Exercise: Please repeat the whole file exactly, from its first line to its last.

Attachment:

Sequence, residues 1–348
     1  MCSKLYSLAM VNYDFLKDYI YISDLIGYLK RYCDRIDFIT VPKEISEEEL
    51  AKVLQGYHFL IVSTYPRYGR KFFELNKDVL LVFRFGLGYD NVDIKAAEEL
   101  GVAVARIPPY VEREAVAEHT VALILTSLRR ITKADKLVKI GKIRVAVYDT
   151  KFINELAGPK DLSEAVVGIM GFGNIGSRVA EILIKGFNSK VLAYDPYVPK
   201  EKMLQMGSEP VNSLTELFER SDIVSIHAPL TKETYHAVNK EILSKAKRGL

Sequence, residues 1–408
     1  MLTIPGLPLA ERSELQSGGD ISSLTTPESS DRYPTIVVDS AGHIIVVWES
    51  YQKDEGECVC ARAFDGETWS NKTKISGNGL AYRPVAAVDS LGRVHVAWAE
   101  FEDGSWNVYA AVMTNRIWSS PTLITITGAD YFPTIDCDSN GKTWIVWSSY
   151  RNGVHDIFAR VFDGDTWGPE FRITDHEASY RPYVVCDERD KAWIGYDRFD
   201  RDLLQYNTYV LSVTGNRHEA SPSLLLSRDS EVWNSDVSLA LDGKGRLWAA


Sequence, residues 1–348
     1  MCSKLYSLAM VNYDFLKDYI YISDLIGYLK RYCDRIDFIT VPKEISEEEL
    51  AKVLQGYHFL IVSTYPRYGR KFFELNKDVL LVFRFGLGYD NVDIKAAEEL
   101  GVAVARIPPY VEREAVAEHT VALILTSLRR ITKADKLVKI GKIRVAVYDT
   151  KFINELAGPK DLSEAVVGIM GFGNIGSRVA EILIKGFNSK VLAYDPYVPK
   201  EKMLQMGSEP VNSLTELFER SDIVSIHAPL TKETYHAVNK EILSKAKRGL

Sequence, residues 1–408
     1  MLTIPGLPLA ERSELQSGGD ISSLTTPESS DRYPTIVVDS AGHIIVVWES
    51  YQKDEGECVC ARAFDGETWS NKTKISGNGL AYRPVAAVDS LGRVHVAWAE
   101  FEDGSWNVYA AVMTNRIWSS PTLITITGAD YFPTIDCDSN GKTWIVWSSY
   151  RNGVHDIFAR VFDGDTWGPE FRITDHEASY RPYVVCDERD KAWIGYDRFD
   201  RDLLQYNTYV LSVTGNRHEA SPSLLLSRDS EVWNSDVSLA LDGKGRLWAA